Posts filed under ‘Television’

Love Should Be Multiplied, Not Divided

Sister wives

Image by Elizabeth Haslam via Flickr

The recent popularity of HBO’s series about polygamists in the Fundamentalist Mormon Church has spawned a TLC reality show. Again, Wal-Mart has corrupted me into buying immoral DVDs with a ridiculous price of $13 for the entire first season of Sister Wives. Why, why, why do I feel compelled to watch such trash? Well, it seemed like a kind of interesting sociological experiment for $13 and also seemed like a series that might be full of fodder for a feminist dissection.

The problem is that these people are so wholesome and loving and sane that it’s just impossible to have a bitch fest on them. I can’t do it. The lifestyle isn’t for me. I see the appeal, and not just from a reproductive standpoint. Obviously, a man with more than one wife can produce more children than, say, the opposite scenario. But the appealing thing is having more than just two adults to share household duties and obligations with. Hillary said it takes a village, and these people are their own village.

In the beginning we meet Kody Brown and his three wives, Meri, Janelle, and Christine. We meet their thirteen children. We get to see old pictures and hear the courtship stories of all three women. This isn’t some compound where boys are abused and girls are married off to old men at the age of 12. All three wives were adults who made the decision to enter a plural marriage.

The first wife, Meri, knew that she would not be the only wife when she married Kody. In fact, she seems to be the jolly matchmaker. Janelle jokes that Meri is in mergers and acquisitions, and no one gets to Kody without first bonding with Meri.

Janelle works outside the home, and Meri works and attends college. All three women say that they just want to raise healthy and happy, productive members of society. If the children choose not to engage in polygamy or to leave the faith of their upbringing, that will be okay as long as they are making their own choices. Above all, they want their children to have the freedom to choose for themselves. Janelle even lectures her girls that they will be finishing college before they get married.

I’d like to denounce these people for their “perverted” lifestyle, but it’s just not the case. Everyone’s needs are being met. Sure, the women experience some jealousy, especially when Kody brings on a fourth wife, Robin. But all four of these wives have a loving and considerate husband. A lot of other women would give up 100% of their one shitty husband to trade for 25% of a good one. And I realize that it’s a reality series. How ideal their domestic bliss seems probably has more to do with the editors than it has to do with “reality.” But these women seem significantly happier than Kate Gosselin, even after she dumped Jon.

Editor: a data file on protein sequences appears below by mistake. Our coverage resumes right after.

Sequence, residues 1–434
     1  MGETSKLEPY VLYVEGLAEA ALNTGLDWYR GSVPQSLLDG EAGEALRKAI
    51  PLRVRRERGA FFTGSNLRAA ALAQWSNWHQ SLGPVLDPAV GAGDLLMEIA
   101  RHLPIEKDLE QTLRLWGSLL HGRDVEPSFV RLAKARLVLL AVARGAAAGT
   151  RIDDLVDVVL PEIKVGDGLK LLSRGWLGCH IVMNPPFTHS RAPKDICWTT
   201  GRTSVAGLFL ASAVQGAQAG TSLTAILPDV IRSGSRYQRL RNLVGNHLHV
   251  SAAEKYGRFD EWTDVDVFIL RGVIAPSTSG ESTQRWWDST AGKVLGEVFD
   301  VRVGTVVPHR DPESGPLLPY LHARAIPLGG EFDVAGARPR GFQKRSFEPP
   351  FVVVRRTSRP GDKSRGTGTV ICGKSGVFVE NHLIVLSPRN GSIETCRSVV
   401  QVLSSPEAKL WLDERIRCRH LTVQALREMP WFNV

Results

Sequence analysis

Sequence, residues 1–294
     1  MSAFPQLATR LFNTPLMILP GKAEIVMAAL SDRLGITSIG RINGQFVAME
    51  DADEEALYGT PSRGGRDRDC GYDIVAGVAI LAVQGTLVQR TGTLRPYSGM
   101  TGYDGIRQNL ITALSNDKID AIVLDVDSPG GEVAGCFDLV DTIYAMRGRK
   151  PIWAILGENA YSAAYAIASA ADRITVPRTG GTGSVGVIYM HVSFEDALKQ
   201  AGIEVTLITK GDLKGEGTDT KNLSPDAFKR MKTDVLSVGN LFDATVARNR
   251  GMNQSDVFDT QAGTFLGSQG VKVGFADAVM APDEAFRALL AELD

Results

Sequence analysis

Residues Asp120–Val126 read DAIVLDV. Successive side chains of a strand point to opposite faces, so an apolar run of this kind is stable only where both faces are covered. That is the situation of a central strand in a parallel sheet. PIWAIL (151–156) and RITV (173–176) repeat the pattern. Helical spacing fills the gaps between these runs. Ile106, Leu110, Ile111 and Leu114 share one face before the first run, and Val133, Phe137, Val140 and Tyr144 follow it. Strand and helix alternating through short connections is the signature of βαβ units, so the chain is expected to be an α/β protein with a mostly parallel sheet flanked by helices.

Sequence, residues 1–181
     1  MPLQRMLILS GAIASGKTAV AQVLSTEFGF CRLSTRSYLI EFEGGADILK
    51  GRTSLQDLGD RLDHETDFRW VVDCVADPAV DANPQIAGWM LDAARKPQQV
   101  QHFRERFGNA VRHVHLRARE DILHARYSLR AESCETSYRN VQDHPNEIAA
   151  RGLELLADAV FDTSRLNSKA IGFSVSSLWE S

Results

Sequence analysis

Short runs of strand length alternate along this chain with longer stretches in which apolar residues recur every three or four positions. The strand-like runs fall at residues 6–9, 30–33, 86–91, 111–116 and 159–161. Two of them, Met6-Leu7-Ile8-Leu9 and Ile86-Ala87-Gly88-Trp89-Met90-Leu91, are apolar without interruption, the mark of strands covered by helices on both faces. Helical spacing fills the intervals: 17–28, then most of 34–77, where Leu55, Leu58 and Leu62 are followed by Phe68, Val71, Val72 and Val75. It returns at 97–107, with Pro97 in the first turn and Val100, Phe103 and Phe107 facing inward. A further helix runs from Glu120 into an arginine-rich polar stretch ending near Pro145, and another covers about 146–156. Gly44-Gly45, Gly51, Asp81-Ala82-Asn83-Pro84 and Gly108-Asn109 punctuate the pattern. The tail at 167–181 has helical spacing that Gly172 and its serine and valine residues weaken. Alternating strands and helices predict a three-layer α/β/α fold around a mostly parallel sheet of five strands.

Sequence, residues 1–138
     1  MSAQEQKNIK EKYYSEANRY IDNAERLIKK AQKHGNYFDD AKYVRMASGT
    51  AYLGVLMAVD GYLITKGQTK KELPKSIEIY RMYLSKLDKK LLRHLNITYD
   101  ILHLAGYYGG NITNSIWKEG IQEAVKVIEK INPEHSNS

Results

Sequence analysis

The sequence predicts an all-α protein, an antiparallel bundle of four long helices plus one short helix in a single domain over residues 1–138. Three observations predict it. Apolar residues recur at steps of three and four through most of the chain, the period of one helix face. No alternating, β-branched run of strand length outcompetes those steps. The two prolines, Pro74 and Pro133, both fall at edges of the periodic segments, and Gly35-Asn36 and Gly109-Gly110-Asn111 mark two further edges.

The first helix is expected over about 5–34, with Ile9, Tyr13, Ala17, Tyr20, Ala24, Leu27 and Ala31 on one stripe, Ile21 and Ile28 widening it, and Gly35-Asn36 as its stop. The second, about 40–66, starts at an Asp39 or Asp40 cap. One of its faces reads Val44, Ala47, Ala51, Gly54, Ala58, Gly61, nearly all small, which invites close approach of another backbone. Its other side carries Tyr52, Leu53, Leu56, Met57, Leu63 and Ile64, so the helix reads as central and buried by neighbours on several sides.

Like I said, it’s not for me. I wouldn’t endorse the lifestyle or the religion. However, this is America. As long as the adults involved are consenting and no one is being abused or coerced, the children are well provided for, and the welfare system isn’t being abused…then what business is it of ours?

May 12, 2011 at 11:26 pm 3 comments

Greg Mortenson & 60 Minutes

Greg Mortenson in Afghanistan 3500ppx

Image via Wikipedia

Previously I’ve written about Greg Mortenson, his non-profit, the Central Asia Institute, and his book about his journey to build schools for the children of rural Pakistan and Afghanistan. The book is called Three Cups of Tea, and its accuracy has been called into question by Steve Kroft of 60 Minutes and journalist Jon Krakauer. In addition to alleging that Mortenson’s autobiography is less than truthful (remind anyone of James Frey?), there are even more serious allegations of money mismanagement.

In addition to the tall tales that Mortenson supposedly told in his books, Krakauer and 60 Minutes  are saying that Mortenson has not built as many schools as he claims he has.  Many of the schools Mortenson claims that CAI has built or is funding are not currently functioning. Central Asia Institute has only furnished one audited financial statement in its 14 years. Several board members have quit over misgivings about financial accountability. And Mortenson’s travel costs are paid for by CAI while Mortenson himself retains speaking fees for speaking engagements and promotional tours for his books. The proceeds from the books go to Mortenson and not to the institute.

Some of the allegations here shouldn’t be terribly shocking to anyone who read Mortenson’s book. Mortenson himself admits that he is a poor planner, ineffective with time management, money management, and people management. But for some reason he has a knack with the people of Afghanistan and Pakistan. And no one is alleging that he isn’t an effective advocate for girls’ education in developing countries. No one is stating that he hasn’t vastly improved the lives of literally thousands of children. What they are claiming is that Mortenson has not been a good steward of CAI resources and that perhaps he’s indulged in some tall tales or some creative license with his story.

In one portion of the scandalous expose, 60 Minutes interviews a man that Mortenson identifies in a photo from his book as a member of the Taliban who kidnapped him for several days. Kroft interviews the man, and the man says he’s not Taliban and that he didn’t kidnap Mortenson. But honestly, if you were a member of the Taliban or if you had kidnapped someone, would it be in your best interest to admit to it on American national television? Why would we take this guy’s word at face value any more than we would Mortenson’s? And what due diligence did 60 Minutes undertake to ensure that this guy really was who and what he claims to be? We’re not told.